The war of words between architects and education secretary Michael Gove over the £55 billion Building Schools for the Future (BSF) programme has taken another turn
After twice singling out the profession for frittering away taxpayers’ cash on school projects, the Department for Education has backtracked, blaming the procurement system for waste.
A spokesperson said: ‘Ministers are not picking a fight with architects. They’re not at fault – the system is.
‘Ministers want to make sure schools are built more cost-efficiently and… design, procurement and consultancy phases are slimmed down.’
These comments follow widespread criticism of Gove’s attacks on the profession.
Prior to his appointment to the cabinet, Gove accused the profession of ‘creaming off cash’ under BSF, and last week he claimed money could be spent more efficiently on ‘frontline services’.
RIBA president Ruth Reed responded: ‘Architects have made a key contribution towards making schools a better environment for learners. It is the system that created waste.’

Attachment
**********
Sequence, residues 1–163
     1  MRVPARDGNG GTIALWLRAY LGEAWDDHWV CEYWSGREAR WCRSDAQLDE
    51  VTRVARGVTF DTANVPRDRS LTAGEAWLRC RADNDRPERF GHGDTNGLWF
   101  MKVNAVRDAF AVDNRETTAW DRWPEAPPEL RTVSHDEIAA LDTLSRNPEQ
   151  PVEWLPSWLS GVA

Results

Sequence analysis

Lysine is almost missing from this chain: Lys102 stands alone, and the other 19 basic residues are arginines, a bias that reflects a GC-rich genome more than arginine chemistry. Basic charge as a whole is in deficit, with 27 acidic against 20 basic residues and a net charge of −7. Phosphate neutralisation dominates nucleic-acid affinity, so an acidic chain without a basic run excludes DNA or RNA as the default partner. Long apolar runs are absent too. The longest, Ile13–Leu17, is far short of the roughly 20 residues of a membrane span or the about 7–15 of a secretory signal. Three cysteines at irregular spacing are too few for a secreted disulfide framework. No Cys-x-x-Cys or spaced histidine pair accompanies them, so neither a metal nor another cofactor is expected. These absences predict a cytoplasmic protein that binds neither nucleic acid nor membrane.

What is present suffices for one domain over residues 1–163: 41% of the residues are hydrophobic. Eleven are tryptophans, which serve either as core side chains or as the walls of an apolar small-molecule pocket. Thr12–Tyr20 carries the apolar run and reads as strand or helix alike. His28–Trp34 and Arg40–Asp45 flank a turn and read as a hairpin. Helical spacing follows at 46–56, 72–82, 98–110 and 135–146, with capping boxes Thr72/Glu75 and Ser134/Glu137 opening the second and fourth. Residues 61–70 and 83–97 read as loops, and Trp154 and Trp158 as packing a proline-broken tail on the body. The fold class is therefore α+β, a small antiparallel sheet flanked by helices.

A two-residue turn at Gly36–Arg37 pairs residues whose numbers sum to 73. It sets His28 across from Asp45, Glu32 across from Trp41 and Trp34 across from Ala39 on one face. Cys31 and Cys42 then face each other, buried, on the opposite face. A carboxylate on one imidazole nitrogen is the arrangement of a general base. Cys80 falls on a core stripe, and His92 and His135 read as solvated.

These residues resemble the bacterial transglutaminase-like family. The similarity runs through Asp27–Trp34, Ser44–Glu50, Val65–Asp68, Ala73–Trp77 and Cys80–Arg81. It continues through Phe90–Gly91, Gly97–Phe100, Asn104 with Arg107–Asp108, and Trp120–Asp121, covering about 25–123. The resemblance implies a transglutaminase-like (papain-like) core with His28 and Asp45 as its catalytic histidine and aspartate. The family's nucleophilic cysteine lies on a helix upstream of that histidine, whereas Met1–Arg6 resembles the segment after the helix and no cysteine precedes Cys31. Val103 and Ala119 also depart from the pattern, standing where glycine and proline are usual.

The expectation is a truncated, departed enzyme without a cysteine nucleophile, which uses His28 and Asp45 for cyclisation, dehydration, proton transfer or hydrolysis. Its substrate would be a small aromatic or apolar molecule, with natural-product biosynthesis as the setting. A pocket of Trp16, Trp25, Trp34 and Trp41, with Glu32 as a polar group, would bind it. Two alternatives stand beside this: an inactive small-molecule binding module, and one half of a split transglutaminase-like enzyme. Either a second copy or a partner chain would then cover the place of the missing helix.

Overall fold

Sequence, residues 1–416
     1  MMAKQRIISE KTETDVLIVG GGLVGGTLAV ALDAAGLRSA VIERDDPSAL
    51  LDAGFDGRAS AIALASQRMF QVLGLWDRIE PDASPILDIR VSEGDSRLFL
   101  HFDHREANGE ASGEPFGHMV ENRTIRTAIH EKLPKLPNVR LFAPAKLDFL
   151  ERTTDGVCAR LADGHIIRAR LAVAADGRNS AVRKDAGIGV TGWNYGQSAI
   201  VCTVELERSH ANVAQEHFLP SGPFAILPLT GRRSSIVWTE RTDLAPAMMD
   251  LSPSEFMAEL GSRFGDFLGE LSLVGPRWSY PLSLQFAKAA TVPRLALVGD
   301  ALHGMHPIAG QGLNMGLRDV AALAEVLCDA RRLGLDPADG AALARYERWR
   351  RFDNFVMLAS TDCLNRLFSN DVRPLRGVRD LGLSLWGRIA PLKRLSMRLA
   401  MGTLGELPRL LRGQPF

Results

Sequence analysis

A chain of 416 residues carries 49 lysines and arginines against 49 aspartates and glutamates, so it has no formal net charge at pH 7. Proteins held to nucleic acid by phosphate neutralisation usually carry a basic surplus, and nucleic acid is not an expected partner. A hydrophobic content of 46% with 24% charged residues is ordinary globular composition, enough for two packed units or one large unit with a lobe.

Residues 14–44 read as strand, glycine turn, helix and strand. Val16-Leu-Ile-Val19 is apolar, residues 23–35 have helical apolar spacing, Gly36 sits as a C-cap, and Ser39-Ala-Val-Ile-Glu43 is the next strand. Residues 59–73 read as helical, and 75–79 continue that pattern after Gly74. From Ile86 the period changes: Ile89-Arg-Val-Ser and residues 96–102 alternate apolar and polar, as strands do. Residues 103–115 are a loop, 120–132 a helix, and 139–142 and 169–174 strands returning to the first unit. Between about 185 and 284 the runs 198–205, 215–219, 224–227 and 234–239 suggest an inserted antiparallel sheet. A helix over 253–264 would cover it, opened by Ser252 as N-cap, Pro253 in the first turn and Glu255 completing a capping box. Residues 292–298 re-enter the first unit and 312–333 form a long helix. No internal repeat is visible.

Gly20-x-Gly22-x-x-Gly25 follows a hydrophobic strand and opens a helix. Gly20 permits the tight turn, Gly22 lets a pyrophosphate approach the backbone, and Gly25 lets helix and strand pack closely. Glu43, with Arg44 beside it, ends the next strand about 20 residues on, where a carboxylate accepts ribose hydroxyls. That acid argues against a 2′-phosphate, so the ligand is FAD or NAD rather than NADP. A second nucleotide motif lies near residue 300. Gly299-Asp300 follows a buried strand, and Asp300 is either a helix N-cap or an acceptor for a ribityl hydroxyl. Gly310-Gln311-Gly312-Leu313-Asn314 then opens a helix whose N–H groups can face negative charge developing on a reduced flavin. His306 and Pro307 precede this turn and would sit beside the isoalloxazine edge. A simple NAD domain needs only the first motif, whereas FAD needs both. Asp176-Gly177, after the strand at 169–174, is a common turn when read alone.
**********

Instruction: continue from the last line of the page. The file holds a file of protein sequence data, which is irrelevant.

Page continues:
Essex-based architect Simon Howard-Dobson said: ‘Civil servants have never understood the proper procurement process and have done their best to undermine the architect’s role in it.’
Uncertainty over BSF may strengthen calls for Smart PFI – a procurement model proposed by the RIBA last year.
Postscript: Simon Allford of Allford Hall Monaghan Morris on Gove
I have no doubt that the legal profession will as ever, make much more profit from drawing up contracts for the BSF programme than any architects and consultants make from executing those contracts.
Architects and other building professional’s are only at fault in that all too often they end up subsidising wasteful government procurement processes: if we are to be criticised it can but be for putting a commitment to good design before our many commitments to our bank!